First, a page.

Since its conception 50 years ago today, the National Aeronautics and Space Administration has taken many challenges that seemed impossible to reach, but has reached its goals while benefiting all of us.
While reaching for the moon, technologies were developed that are commonplace in today's life. These new devices, better known as spinoffs, have found their way to practical applications for everyone.
Around the house, they include the creation of the hand-held vacuum cleaner, better sunglasses and satellite TV, plus many, other inventions that owe their existence to work done by NASA and its contractors.
Perhaps no greater area has benefited from space research than that of the health-care field.
PILL TRANSMITTERS , swallowed by astronauts to measure their vital signs during missions, have been used to do the same in everyday health care. Lasers used by NASA to understand the terrain and environmental information of the Earth and other planets are used in many surgical procedures today. Monitoring systems used by doctors in intensive care units were developed during the days of the Mercury program. Heart pacemakers can now be controlled remotely, thanks to work done in developing telemetry for space missions.
On the environmental front, storm systems can be monitored from space. Through imaging technology, information can be gathered concerning drought conditions and disease among flora. Solar power technology was developed to help power spacecraft while on their missions. Other examples include better breathing apparatuses for firefighters, better golf balls, freeze dried meals, and baby foods.
THANKS TO WORK done by NASA in the area of technology miniaturization, computer technology affects everyone in the nation. And do not forget about the first "A" in NASA: aeronautics. NASA's work in this field has made our aviation industry one of the best in the world, and contributes greatly to our exports to other countries.
NASA is at a crossroads. Since it is a federal government agency, it must rely on Congress for its operating budget and on the executive branch for its oversight and vision.
Since the 1960s, the agency has been asked to operate on a shoestring budget while being expected to perform seemingly the impossible. The space shuttle, the greatest aerospace vehicle ever created, is nearing the end of its task. It has enabled not only pilots but scientists as well to use space as a laboratory while providing space trucking services for satellites and the International Space Station.
THERE HAVE BEEN problems with the shuttle, ones that have cost human lives. NASA is now developing a replacement program, one based upon technology and equipment developed for the shuttle. The Constellation program will provide access to space, once again to the moon, and even to Mars.
Space exploration is not just an American venture. Russia is deeply involved in working with the United States in space activities, but that relationship is strained due to the Russian invasion of Georgia.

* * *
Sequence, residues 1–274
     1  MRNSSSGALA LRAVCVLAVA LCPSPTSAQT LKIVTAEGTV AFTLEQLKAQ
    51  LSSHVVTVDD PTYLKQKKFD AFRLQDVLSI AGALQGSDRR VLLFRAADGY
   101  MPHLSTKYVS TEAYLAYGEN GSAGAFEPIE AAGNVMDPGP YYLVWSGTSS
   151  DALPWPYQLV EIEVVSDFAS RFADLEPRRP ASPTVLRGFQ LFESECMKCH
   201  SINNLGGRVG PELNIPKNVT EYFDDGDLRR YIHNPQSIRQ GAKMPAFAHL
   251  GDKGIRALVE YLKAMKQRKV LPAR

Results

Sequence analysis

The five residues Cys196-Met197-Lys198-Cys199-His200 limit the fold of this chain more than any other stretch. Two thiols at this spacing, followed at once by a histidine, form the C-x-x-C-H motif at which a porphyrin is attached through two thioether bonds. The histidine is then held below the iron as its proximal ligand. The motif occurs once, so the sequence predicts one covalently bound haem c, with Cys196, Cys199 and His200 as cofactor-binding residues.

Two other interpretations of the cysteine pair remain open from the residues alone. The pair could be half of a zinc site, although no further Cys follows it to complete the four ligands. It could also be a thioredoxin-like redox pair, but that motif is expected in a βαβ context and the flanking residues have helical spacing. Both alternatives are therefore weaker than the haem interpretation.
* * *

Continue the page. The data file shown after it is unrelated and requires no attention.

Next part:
European nations have committed to efforts with both the United States and Russia and their own programs. Other countries, such as India, have launched their own satellites. The Chinese government now has a vigorous space program, having recently completed their third manned flight with expectations of constructing their own space station and establishing a base on the moon.
Many have asked, has NASA been worth the cost? Financially speaking, it has been estimated that for every dollar spent by NASA, seven dollars has been returned to the economy through improved technology.
BUT THERE IS a bigger payoff for having such a program. The space program is good for the human spirit.
I recently heard a presentation by Neil Armstrong. He noted there is something almost spiritual about space exploration, that there was peaceful competition between the Soviet Union and the United States in the race to land a man on the moon. He also said it was a national investment that has paid for itself many times over.
But more importantly, he said NASA provided the American people opportunities to be inspired and motivated by its accomplishments. Take a moment to look at them: landing man on another world; making the task of launching people into space seem (though unfairly) routine; inspiring the minds and dreams of the young and old alike.
Gaze at the beautiful and spectacular pictures taken by the Hubble Space Telescope. We as a nation need inspiration and enthusiasm in today's world.
Poet Robert Browning once wrote "...a man's reach should exceed his grasp, or what's a heaven for?"
NASA AND ITS commitment to exploration has challenged the mind and the spirit and the soul of the American people. We need to pay homage to its accomplishments and hope that we as a nation continue reaching for the stars.
(Henry Quinn, of Warrenton County public schools, is a member of the National Space Society and has sponsored workshops for NASA.)